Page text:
Do the following statements agree with the information given in the text? In boxes 1–7 on your answer sheet, circle A (TRUE) if the statement agrees with the information given in the text; B (FALSE) if the statement contradicts the information given in the text.

1. Dinosaurs’ dying out is frequently put down to their inability to get adjusted to the new conditions on the earth.

2. The presence of a wide range of various dinosaur types proves that this species went through a considerable adjustment period.

3. On the basis of the number of extremes, it appears that the dinosaur has shown the least variety in adapting in comparison with man.

4. An appendix in man serves a definite digestive purpose.

5. As a species, man is becoming more and more attractive as a result of numerous evolutionary changes.

6. Since people are unable to get adjusted to their natural habitat, they are desperately trying to make it fit them, which invariably leads to grave consequences.

7. Of all the delicate balances man is disturbing, the air pollution seems the most long-lasting and thus the most dangerous.

Task 2. Questions 8–15 Choose option A, B, C which best fits according to the text. Circle the correct letter in boxes 8–15 on your answer sheet.

8. There … about the reason for the disappearance of the dinosaur.

A. are many theories

B. is general agreement

C. is no information

9. Dinosaurs lived on the earth … man has existed so far.

A. about half the length of time that

B. about 100 times longer than

C. for an unknown but longer period than

10. Every time we change the balance of nature, we increase … .

A. the population

B. a particular species

C. the risk to ourselves

11. According to experts, unless the earth’s birth rate is reduced considerably there will not be … .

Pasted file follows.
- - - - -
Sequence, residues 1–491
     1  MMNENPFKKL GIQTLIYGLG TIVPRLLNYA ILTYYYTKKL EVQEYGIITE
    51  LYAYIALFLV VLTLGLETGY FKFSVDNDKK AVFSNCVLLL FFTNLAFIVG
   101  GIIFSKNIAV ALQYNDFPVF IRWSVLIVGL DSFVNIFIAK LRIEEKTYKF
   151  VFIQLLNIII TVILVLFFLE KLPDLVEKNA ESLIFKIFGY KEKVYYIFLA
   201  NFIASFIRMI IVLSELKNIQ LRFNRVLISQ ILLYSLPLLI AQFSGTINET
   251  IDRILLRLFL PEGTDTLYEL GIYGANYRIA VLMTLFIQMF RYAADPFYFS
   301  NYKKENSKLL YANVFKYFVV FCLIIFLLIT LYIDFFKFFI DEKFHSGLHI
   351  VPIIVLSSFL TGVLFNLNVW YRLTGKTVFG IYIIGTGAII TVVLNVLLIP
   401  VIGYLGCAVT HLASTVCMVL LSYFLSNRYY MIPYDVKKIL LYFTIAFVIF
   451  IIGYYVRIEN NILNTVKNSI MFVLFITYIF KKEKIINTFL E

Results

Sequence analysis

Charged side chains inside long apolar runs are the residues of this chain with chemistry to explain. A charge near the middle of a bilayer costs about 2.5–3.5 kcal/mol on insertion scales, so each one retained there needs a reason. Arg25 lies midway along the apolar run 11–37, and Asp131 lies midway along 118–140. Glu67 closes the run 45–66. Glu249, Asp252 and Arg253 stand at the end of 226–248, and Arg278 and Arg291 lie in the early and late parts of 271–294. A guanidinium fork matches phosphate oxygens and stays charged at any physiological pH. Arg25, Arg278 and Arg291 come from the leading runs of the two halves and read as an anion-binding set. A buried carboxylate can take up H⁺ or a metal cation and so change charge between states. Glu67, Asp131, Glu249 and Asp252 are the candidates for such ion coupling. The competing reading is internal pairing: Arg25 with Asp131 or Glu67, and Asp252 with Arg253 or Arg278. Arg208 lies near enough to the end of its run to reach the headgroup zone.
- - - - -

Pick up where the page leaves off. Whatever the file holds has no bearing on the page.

A. enough food

B. enough living space

C. enough living space or food

12. There were … extremes in the types and sizes of dinosaurs.

A. a great many

B. very few

C. only four

13. In comparison with the racial extremes of the dinosaurs, the differences among the races of mankind … .

A. are very great

B. amount to practically nothing

C. don’t exist at all

14. Many of mankind’s aches and pains are thought to be caused by … .

A. our mental attitudes

B. our upright position

C. our lack of sleep

15. The more civilized people become, the … they adapt to their environment.

A. less

B. more

C. more intelligently


Time: 30 minutes (20 scores)

Task 1. Questions 1–10 For items 1–10, read the text below. Use the word given in capitals at the end of each line to form a word that fits in the space in the same line.

There is an example at the beginning (0). Example: 0 decision


When you have made the (0).. to begin exercising, DECIDE


you need more than just enthusiasm – you need to use (1)… EQUIP

which is high quality, safe and (2)… . The Classic Home RELY

Cycle is a basic model with a (3)… distance meter and timer. MECHANIC

It has a strong construction and enclosed flywheel for (4) … SAFE

and both the seat and handlebars are (5) … to different ADJUST

(6) … so the user can pedal in the most comfortable position. HIGH

With a rowing machine you can (7) … the arms and legs as STRONG

well as exercise the back. Brisk rowing is just as (8) … for EFFECT

burning calories as running at 11 km an hour. The (9)… REASON

priced Classic Rower has a seat which moves smoothly (10) … the whole rowing programme, and is suitable for all home exercisers. THROUGH